“This means local talent will be exposed to global perspectives and opportunities, enhancing the quality of the local talent pool in Singapore,” he said. 

WHAT MAKES A GLOBAL CHAMPION

Business experts and companies interviewed highlighted a few key characteristics essential for a successful global enterprise.

Among these is the flexibility to adapt to different conditions as the company expands.

EtonHouse International Education Group, which runs 120 schools in 11 countries, is among those which have adopted varying strategies. Its entry into China was via strategic investment, whereas it embarked on a partnership to break into the Japan market.

“There’s a strategic decision to make. Can management actually focus on this country? If I’m not going to be able to focus on this country, then I need to work together with someone,” said EtonHouse executive director Ng Yi Xian.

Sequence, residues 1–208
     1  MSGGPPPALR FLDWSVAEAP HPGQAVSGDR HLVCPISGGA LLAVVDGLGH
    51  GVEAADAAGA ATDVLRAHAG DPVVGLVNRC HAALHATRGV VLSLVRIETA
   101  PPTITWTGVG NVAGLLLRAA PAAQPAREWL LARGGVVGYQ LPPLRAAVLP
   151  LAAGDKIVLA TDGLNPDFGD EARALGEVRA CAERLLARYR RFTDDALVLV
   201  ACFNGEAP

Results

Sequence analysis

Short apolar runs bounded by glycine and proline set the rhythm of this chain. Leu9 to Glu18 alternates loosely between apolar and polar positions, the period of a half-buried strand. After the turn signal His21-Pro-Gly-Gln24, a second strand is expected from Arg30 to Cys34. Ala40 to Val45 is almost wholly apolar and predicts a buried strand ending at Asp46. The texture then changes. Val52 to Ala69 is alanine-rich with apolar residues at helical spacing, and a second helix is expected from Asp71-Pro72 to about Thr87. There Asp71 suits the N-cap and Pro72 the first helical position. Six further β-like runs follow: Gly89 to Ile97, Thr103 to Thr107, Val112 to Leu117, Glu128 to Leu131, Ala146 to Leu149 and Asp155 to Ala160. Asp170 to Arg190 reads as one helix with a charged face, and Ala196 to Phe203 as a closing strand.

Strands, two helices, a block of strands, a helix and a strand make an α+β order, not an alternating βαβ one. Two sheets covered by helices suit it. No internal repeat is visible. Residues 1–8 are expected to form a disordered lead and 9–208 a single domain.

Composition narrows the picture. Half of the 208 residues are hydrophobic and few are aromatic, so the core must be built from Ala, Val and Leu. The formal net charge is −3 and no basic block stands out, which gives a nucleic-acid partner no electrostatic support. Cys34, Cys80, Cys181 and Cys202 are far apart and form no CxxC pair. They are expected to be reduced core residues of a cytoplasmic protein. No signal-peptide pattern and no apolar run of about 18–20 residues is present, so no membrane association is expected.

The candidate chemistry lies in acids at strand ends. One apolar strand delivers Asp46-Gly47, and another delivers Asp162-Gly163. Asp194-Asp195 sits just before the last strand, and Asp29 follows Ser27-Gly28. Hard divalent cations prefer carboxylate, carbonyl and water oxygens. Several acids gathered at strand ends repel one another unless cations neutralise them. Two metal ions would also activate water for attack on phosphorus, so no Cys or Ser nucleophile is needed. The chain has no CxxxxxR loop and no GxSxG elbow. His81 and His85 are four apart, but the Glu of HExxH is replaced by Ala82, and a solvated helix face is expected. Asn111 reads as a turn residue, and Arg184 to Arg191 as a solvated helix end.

EtonHouse executive director Ng Yi Xian. EtonHouse International Education Group, which runs 120 schools in 11 countries, is among those which have adopted varying strategies.

Though flexibility is key, staying focused on the core business mission is equally important, said the companies.

Over at ShopBack, besides expanding into various markets, the firm has also begun its foray into fintech — via the acquisition of fellow homegrown buy now, pay later firm Hoolah, as well as the rolling out of its payment product, ShopBack Pay.

“Whatever you introduce — geographically expanding or product expansion — put together, they should fulfil that goal of what you're trying to do, which is create better shopping experiences every day,” said Ms Chow.

Hiring the right talent is also a key ingredient in a company’s successful expansion overseas, said those interviewed.

“The difference between hiring a good and great talent can really make a significant difference for a company's growth trajectory,” said Ms Chow. 

MADE-IN-SINGAPORE: A BOON OR A BANE? 

The challenges notwithstanding, one in-built advantage that local companies have in making their overseas forays is the value of the Singapore brand.

Food packaging company Seow Khim Polythelene (SKP) is also another homegrown firm that has benefited from this.